OKLAHOMA CITY - When the Oklahoma City Thunder drafted Steven Adams with the 13th pick in this year's NBA Draft, it appeared to be a pick geared toward the future and not the present.

Adams had great size and athleticism out the wazoo, but came out of Pittsburgh very raw, carrying a laundry list of things to improve upon.

However, Adams' play in the preseason has given many pause about where he will spend this season. The overwhelming opinion was that Adams would spend the majority of this season in Tulsa with the 66ers, playing against stiffer competition than the college ranks, honing his skill set and becoming the quality center the Thunder thinks he can be.

It's a big conundrum for the Thunder and coach Scott Brooks, who has said the minutes at backup center are still up for grabs between Adams and Hasheem Thabeet.

If the Thunder wants Adams to develop quickly (read: to the point where they feel comfortable using the amnesty clause on Kendrick Perkins next offseason), they need to put him in Tulsa for at least half of this season.

Last year, Jeremy Lamb spent 21 games in Tulsa, averaging 21 points in 33 minutes per game. When he was with the Thunder, he only saw 6.4 minutes a game in 23 games.

With the loss of Kevin Martin, the Thunder is counting on Lamb to produce in a big way this season, and Lamb isn't being counted on because of those 6.4 minutes of garbage time per game.

While with the 66ers, Lamb was able to gain confidence and play against competition that more closely resembles the NBA than NCAA. That's why the Thunder is counting on him to be a big contributor this season.

The same could be said for Adams, who has been impressive this preseason, perhaps more so than anyone expected him to be. He leads the team in rebounds, averaging eight boards per game. He's averaging 7.9 points per game and had a double-double of 10 points and 15 rebounds against New Orleans.

He's a very good, gifted player and you'd be hard-pressed to find someone who didn't think so when the Thunder took him in June.

However, Adams isn't going to be playing 23.4 minutes a game in the regular season like he has in the preseason. The only place where he'll get that kind of court time is in Tulsa. Yes, he could be the backup center and take over Thabeet's role. Thabeet appeared in 66 games a year ago and averaged 11.7 minutes per game.

That's good run for Adams, but if you're putting the future of the center position on his shoulders, don't you want him playing as much as possible? You don't want him sitting on the bench watching for 40 minutes a game.

Admittedly, the competition Adams would face in 10 minutes a game with the Thunder would be stiffer than what he would face in the D-League, but during the development process, you're going for confidence, not a trial by fire.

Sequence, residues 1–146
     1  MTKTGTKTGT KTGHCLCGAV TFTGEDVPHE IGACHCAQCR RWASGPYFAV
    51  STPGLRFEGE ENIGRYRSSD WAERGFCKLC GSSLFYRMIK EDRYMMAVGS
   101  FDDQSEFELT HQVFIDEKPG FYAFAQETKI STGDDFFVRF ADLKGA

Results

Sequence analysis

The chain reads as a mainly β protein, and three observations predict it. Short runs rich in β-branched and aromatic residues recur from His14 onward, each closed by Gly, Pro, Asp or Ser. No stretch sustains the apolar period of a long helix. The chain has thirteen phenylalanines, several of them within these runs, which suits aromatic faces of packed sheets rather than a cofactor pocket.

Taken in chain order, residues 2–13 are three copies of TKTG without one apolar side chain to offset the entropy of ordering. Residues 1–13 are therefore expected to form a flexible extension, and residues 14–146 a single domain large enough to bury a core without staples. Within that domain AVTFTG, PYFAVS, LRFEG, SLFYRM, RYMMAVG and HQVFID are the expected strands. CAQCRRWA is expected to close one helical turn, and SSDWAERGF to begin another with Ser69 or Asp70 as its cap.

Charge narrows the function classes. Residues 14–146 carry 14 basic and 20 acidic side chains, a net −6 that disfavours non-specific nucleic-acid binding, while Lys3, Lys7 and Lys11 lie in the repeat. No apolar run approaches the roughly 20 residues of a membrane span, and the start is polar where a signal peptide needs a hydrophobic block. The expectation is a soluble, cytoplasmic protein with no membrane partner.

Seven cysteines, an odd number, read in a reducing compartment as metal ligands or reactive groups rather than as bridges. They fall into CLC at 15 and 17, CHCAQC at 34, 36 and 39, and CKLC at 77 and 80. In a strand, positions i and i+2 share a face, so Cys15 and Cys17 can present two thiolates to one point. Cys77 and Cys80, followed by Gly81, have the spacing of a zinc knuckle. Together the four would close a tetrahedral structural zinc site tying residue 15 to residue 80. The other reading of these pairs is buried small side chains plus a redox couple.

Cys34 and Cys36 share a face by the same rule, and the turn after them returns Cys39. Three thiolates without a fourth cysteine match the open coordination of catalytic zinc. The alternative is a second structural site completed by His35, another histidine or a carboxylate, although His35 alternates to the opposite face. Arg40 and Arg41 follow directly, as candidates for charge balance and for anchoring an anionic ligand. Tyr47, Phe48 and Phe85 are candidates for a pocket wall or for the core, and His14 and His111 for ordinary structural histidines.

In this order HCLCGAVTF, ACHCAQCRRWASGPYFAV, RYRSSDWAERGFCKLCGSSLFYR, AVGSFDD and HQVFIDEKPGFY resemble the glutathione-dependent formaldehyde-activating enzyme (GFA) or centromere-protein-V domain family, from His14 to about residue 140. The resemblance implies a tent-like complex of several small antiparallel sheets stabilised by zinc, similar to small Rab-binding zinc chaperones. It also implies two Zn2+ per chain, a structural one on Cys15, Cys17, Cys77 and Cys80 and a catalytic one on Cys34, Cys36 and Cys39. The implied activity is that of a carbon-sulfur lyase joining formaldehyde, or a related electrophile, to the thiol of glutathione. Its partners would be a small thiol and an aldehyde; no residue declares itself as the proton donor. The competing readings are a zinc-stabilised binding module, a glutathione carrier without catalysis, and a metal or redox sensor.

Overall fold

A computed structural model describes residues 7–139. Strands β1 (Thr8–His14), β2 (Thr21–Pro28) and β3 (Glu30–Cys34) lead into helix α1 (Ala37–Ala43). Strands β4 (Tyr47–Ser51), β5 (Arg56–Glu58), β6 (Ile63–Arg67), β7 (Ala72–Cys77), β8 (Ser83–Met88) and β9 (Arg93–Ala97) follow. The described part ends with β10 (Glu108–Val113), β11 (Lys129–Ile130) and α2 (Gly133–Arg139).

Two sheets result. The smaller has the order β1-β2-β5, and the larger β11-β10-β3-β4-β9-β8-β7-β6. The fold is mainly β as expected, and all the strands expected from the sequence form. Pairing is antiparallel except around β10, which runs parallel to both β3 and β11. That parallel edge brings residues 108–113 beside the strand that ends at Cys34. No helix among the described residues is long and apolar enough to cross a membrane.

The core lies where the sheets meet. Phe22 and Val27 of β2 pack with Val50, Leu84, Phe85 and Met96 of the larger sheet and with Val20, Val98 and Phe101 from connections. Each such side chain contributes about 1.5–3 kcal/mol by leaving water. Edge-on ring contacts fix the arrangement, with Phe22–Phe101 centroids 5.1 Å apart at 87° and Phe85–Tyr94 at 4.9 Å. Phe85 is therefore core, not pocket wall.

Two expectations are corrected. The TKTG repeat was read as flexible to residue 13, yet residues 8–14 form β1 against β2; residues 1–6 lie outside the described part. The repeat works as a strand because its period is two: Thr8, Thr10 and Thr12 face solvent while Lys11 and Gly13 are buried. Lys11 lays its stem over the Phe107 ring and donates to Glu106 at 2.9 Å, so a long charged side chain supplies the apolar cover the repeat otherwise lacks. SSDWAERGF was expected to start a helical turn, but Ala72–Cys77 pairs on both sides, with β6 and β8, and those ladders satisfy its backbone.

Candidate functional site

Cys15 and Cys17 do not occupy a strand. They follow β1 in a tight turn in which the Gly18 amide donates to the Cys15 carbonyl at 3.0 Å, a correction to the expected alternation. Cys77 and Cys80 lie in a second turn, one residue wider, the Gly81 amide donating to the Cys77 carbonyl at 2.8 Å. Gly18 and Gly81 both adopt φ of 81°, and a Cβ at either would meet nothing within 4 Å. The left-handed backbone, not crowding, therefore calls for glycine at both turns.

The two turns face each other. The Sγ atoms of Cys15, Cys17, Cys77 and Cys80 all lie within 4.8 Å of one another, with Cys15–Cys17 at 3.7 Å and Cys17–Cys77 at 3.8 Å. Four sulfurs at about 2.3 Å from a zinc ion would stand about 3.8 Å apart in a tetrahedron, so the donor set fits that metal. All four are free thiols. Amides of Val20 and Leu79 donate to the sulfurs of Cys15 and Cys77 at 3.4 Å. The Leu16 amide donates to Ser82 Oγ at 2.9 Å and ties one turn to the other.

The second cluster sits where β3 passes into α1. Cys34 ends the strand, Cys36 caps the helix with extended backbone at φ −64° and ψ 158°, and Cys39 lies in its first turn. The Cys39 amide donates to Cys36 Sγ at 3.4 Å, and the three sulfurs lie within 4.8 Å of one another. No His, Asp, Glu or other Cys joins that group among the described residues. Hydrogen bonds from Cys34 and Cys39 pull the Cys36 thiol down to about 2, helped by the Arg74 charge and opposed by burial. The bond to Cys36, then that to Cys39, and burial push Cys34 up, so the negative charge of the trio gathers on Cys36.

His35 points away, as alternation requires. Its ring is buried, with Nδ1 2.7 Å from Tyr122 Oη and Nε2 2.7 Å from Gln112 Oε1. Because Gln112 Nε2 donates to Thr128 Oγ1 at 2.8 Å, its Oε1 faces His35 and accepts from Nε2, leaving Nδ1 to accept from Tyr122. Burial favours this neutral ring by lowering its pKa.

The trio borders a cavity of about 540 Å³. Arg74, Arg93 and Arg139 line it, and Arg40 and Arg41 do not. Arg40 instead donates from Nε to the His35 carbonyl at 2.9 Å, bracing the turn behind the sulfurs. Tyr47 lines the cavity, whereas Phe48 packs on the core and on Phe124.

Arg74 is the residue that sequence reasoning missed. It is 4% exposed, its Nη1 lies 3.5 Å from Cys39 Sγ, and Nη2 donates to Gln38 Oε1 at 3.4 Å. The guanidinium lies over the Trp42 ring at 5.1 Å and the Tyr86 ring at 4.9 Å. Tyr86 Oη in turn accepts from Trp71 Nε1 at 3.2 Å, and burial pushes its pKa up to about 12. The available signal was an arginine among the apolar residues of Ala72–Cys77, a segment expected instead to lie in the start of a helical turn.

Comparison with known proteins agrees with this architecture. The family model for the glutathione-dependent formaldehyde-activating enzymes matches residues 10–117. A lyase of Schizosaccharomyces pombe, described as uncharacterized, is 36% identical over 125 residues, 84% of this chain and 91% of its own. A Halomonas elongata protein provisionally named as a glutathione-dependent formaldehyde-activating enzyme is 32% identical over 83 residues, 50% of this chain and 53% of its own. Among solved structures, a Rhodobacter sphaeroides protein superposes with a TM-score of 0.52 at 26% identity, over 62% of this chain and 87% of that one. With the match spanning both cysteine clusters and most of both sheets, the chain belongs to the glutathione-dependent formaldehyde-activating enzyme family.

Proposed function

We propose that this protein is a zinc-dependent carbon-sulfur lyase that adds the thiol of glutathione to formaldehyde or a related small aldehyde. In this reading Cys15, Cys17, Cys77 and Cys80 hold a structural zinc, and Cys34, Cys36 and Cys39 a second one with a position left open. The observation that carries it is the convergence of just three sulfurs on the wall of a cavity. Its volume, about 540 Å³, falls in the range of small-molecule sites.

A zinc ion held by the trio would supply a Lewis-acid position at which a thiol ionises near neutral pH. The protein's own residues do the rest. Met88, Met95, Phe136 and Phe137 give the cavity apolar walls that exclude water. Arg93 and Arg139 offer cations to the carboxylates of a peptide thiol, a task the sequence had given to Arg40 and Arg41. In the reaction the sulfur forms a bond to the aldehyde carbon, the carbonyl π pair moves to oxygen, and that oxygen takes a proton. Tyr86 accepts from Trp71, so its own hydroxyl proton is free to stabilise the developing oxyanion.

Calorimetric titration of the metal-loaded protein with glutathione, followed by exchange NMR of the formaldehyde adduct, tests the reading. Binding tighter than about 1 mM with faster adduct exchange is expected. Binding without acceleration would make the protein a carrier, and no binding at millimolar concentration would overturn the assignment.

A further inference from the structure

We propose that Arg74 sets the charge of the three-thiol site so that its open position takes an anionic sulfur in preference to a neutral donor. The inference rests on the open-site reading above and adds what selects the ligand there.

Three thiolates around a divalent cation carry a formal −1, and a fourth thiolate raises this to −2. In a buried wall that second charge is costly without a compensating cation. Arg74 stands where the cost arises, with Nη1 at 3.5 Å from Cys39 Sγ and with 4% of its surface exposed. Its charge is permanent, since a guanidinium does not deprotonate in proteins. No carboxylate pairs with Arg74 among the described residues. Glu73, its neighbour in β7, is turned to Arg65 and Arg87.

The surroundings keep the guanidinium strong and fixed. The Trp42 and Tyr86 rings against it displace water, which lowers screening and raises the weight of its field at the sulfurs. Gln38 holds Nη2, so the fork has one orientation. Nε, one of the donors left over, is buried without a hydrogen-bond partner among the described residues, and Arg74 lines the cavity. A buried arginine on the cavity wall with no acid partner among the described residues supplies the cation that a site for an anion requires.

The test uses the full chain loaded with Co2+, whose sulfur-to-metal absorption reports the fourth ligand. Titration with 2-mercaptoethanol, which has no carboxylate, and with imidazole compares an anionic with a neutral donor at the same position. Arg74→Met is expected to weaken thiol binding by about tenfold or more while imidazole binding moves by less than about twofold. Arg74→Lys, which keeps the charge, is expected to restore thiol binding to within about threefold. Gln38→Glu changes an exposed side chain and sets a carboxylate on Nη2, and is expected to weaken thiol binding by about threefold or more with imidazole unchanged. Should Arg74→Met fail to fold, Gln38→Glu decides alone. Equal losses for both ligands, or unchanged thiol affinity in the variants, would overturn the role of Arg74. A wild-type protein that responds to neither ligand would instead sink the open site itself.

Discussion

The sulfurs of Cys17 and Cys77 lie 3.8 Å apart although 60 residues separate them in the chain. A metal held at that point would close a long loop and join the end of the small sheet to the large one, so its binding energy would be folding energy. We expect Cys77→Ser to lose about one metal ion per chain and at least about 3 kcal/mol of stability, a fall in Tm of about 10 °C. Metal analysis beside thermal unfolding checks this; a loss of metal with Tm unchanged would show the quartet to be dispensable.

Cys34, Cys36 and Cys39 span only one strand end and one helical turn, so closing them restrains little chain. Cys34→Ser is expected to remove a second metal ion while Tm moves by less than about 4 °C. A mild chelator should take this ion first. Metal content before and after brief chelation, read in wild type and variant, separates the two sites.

It's also impossible to gauge how Adams would respond in each situation. If better NBA players consistently dominate him in his short time on the court, it could be a big discouragement for him and stunt his development. At the same time, playing against noticeably easier could lead to poor habits and hinder his growth even more.

Is Adams currently better than Thabeet? Maybe. Thabeet may have the edge in on-court knowledge—such as defensive rotations—but Adams gives the Thunder more options thanks to his athleticism and ability to run the floor.

Is he even better than Perkins? Absolutely not on the defensive end, but probably so on offense.

The problem is the Thunder has quietly become one of the best defensive teams in the NBA. Adams isn't ready to step in and help the Thunder keep up that pace. However, his teammates have praised him for how quickly he is learning and how much he has surprised him by how hungry he approached things.

Could Adams be starting by the end of the season? It's certainly possible. Everything about him has been surprising so far, so why not expect another surprise? No one thought he'd spend much time in Oklahoma City this season; no one thought he'd look this polished in the preseason; no one figured this debate would happen.

It's looking more and more like Thunder general manager Sam Presti has hit another home run in the draft. It's still a bit early to declare that definitively, but things are trending in the right direction. Now, the decision has to be made about what to do with Adams this season.

It could be tempting to stick Adams in OKC for the season and give him scraps of minutes every now and then. But if the Thunder wants to expedite his growth, they need to put him in Tulsa for 20 games or so.

This is the future of the center position for Oklahoma City. Presti and Brooks don't want to mess this one up.